“Ik heb nog nooit zoiets merkwaardigs gezien als hoe die twee met elkaar omgaan”
Though considered one of the most important contemporary Belgian writers, Hugo Claus’s renown hasn’t stretched much outside of the Flemish-speaking world. So it is perhaps fitting that I saw Toneelgroep Amsterdam’s production of his Een Bruid in de Morgen (A Bride in the Morning) at the Toneelschuur theatre in Haarlem in its native language, without the English surtitles that are so usefully provided on Thursdays at their main base in the Dutch capital.
I was well up for the challenge though, not least because the show fell under the auspices of their emerging directors programme TA-2 – nurturing the Ivo van Hoves of the future – and through which I saw Julie Van den Burgh’s extraordinary reinterpretation of Blood Wedding back in 2013. This time round, it is Norwegian Maren E Bjørseth getting the opportunity to work with the ensemble company, taking the show around the Netherlands. Continue reading “Review: Een Bruid in de Morgen, Toneelschuur Haarlem”
“En, denk je dat je veilig bent? De veiligheid van een rillend lam door wolven omringd?”
It’s instructive to look at how we (the British) look at Shakespeare compared to them (the Europeans), especially with rival treatments of the first tetralogy on the horizon. Whereas Trevor Nunn’s answer to the perceived issues of the Henry VI plays is to return to John Barton and Peter Hall’s adaptation from the 60s which adapted them, alongside Richard III, but still into three full-length plays. And then we have Toneelgroep Amsterdam’s Kings of War, in which Ivo van Hove adds Henry V into the mix, and still manages to be done in an evening (albeit 4 and a half hours later…!)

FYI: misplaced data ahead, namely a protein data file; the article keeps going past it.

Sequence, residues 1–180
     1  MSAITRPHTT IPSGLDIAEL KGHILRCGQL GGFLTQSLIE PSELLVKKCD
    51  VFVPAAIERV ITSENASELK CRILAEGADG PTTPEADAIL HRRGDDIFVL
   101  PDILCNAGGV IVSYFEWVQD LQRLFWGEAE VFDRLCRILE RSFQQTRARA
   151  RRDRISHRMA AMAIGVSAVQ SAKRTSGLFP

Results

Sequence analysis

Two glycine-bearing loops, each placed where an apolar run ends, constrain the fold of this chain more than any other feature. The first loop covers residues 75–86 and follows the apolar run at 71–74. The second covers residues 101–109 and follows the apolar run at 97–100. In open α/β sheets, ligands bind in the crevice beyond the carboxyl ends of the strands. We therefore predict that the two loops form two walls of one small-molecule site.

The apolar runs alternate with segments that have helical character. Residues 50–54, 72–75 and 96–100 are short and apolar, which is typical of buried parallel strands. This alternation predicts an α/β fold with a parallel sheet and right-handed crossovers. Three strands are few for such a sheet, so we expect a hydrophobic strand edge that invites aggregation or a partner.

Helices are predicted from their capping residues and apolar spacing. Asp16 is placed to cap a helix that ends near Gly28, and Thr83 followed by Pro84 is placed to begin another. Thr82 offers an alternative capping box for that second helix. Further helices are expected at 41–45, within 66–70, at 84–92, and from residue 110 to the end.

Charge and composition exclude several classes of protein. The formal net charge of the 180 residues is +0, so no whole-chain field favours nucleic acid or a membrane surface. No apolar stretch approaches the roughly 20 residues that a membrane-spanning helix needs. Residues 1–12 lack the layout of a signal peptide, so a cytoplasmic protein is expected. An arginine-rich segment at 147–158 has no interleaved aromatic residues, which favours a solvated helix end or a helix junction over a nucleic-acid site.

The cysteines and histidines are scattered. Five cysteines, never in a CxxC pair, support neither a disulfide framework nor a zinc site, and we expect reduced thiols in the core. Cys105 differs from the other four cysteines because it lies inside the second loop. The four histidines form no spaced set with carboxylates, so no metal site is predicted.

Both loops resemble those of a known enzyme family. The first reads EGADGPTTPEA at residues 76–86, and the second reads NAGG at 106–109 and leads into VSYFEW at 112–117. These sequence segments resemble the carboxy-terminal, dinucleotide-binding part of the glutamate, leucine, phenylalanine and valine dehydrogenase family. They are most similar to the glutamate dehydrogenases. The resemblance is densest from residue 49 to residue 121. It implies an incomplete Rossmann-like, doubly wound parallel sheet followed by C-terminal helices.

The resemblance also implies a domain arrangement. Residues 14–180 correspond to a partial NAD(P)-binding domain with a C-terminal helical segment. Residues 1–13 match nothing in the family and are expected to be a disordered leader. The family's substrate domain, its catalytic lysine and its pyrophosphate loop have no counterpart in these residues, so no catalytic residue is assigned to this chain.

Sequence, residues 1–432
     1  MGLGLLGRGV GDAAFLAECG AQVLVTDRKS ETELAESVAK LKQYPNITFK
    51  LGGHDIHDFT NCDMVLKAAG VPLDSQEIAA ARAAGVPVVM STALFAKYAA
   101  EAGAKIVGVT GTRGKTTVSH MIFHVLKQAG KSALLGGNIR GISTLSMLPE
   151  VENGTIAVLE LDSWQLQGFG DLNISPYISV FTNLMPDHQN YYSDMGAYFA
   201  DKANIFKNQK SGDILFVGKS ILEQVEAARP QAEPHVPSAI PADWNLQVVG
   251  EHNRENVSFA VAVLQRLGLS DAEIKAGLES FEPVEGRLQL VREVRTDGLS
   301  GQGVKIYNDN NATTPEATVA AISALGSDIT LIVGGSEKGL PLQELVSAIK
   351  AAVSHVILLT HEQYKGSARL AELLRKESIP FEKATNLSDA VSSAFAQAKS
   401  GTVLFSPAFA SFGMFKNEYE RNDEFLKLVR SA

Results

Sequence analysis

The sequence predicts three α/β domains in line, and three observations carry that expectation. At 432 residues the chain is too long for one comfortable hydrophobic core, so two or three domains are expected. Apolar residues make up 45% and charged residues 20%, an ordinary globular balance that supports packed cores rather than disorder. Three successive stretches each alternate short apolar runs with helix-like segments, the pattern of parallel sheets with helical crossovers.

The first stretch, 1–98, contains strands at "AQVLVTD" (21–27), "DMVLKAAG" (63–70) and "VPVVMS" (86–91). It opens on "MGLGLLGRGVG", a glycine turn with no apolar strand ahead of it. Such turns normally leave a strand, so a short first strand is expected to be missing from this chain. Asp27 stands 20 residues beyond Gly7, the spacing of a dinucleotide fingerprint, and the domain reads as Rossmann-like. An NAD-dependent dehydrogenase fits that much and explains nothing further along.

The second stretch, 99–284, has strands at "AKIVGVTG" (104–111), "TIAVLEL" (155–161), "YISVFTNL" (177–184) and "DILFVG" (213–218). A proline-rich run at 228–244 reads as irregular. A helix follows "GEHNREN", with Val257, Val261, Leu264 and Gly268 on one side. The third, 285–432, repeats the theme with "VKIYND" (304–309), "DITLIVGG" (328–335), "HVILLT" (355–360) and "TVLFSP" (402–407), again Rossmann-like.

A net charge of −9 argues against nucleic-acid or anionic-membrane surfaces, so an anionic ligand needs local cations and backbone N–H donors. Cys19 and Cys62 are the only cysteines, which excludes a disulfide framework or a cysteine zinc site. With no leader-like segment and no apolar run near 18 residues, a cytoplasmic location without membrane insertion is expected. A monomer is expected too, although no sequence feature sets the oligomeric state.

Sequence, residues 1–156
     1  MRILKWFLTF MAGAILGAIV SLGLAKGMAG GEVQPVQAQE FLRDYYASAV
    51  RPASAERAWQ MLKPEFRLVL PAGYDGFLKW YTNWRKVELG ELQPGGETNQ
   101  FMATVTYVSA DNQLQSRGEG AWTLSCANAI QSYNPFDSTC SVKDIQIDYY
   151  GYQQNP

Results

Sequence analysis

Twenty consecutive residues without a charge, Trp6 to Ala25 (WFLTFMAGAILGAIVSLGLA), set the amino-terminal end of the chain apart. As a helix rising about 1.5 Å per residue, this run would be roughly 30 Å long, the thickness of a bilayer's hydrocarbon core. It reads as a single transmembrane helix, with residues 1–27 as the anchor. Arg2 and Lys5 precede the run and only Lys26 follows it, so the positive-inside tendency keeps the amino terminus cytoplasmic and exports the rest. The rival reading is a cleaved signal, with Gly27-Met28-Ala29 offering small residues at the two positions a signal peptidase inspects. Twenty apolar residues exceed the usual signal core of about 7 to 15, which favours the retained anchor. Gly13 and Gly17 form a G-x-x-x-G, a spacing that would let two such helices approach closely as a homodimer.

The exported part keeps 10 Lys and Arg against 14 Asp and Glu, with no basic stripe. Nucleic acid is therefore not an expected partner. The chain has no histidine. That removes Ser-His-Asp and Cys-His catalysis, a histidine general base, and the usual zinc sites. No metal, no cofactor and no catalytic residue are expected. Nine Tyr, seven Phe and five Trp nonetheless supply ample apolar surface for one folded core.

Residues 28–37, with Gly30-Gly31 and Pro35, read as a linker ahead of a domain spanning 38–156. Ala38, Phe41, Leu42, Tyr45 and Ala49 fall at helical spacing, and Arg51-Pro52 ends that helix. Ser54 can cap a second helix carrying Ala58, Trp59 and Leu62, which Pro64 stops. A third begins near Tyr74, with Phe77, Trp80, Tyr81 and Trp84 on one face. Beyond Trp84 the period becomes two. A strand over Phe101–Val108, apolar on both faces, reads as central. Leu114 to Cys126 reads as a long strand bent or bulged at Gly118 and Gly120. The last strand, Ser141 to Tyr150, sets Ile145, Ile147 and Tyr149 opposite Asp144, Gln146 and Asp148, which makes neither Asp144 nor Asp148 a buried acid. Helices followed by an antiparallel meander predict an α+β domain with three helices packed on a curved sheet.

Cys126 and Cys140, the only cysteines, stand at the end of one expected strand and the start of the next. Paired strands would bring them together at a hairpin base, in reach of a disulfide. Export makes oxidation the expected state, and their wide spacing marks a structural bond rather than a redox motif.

We’ll see how The Wars of the Roses pans out when it hits the Rose, Kingston in the autumn but Kings of War is alive and kicking at the Stadschouwburg in Amsterdam now and for sheer innovative thinking and intelligent reworking, it’s hard to see how returning to the RSC of the 60s will compare in any sense of the word. Liberated from any notion of textual fidelity or theatrical tradition (in terms of how Shakespeare ‘ought’ to be done, I mean), van Hove and his company infuse something genuinely new into the drama, a fierce modernity resulting from this unruly approach.
And it is really an adaptation, a tracking of the throughline of corrupting monarchical power on a single dynasty in the frame of the country pile from which they rule. Sections are divided by kings, so first we see Ramsey Nasr’s fervent Henry V marking the moral highwater that declines with Eelco Smits’ disinterested dweeb Henry VI (all three parts effectively condensed into an hour) and hits rock-bottom with Hans Kesting’s superbly insane Richard III, the evening’s most mesmerising performance. Continue reading “Review: Kings of War, Stadschouwburg Amsterdam”
“Omdat het kan. Omdat ik me herinner hoe het voelde toen ik het ontdekte, van jullie twee. En ik wil haar laten zien hoe dat voelde.”